Another of Swami’s disciples, Guru Prasad Swami, reports as follows:

“Once,” said the Swami, “I bathed in a tank which was, I learnt later, meant only for the higher castes. Some people came with raised sticks to beat me up. I asked them calmly: ‘What has happened?’ The sticks were lowered and they allowed me to pass in peace.”

This was the incident which turned up in popular beliefs as on instance where Swami was supposed to have cursed a tank dry.M. Govindan, a judge, had known a religious person who wore a sanyasi’s robes and used to go once every year on a pilgrimage to Kadalkarayandi temple and pray to Subramania, the presiding deity there. He explained to the judge that for some days he happened to be lying as a patient in the Trivandrum General Hospital. One day a messenger came to the hospital and informed him that his mother was seriously ill. As he was suffering from rheumatism, he was unable to walk. His desire to be at his mother’s death bed, was so intense that he decided to go home, crawling. With great difficulty, he crawled up to the gate and there, whom should he see, but Sree Narayana Guru coming that way with three or four disciples! The Guru stopped in front of him, and the patient pleaded with folded hands for succour. After hearing him patiently, Swami asked him to get up. He stood up. Taking a staff from one of the disciples, Swami gave it to him and made him walk. The patient walked home! From that year onwards, he became a pious man, wore a sanyasi’s robes and went every year on a pilgrimage to Kadalkarayandi.”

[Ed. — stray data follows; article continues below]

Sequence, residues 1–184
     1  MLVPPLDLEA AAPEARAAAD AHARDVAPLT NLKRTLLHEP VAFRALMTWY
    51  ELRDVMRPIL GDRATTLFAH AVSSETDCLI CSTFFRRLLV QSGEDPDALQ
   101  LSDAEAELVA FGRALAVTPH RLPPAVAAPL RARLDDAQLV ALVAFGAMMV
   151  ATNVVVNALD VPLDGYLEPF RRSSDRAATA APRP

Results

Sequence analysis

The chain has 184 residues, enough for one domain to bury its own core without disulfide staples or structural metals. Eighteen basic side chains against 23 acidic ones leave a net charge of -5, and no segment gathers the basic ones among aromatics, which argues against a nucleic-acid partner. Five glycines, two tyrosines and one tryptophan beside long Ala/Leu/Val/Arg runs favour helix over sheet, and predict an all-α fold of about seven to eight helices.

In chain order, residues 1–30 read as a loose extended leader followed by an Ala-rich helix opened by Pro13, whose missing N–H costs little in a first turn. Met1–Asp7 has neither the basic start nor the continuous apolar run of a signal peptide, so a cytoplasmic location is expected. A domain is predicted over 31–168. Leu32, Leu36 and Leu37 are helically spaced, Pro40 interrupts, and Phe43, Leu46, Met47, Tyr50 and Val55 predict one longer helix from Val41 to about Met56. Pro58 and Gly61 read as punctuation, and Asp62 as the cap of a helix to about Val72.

Cures of mental afflictions, hysteria, hallucinations, etc. effected by the Guru abound among the miracles attributed to his spiritual powers. Another set of incidents consisted of cures of gastric ulcer, rheumatism, incurable and unexplainable pains and aches, skin eruptions, etc. which are now known to be caused by mental strain and stress. The main point to be stressed here is that Swami never effected any cure whatever for the purpose of public demonstration. He would
dismiss all praise, saying, “His faith cured him.”

Several persons of those days who were educated in Western modes of thought were very much taken up with the nineteenth century habit of disbelieving faith-cure as nothing but superstition. They, therefore, treated these legends very lightly, even when, they did not discard them from their writings altogether. Nevertheless, the tremendous effect those anecdotes had on the minds of the masses has to be reckoned with in any biography of Sree Narayana Guru. Whether one
believes in them or not is a different matter altogether. Moreover, the modern medical concept of psychosomatic diseases and also the cures effected by the magnetic personality of doctors does however, shed a different light altogether on those so-called miracles. Today modern medicine admits the fact that in innumerable cases “the doctor is the treatment”. For the masses who did not know all these medical aspects “Swami was the treatment.” That was all.
And as has been stated at the beginning of the chapter, this adoration led to their following the reform movements initiated by the Guru with tremendous faith and gusto.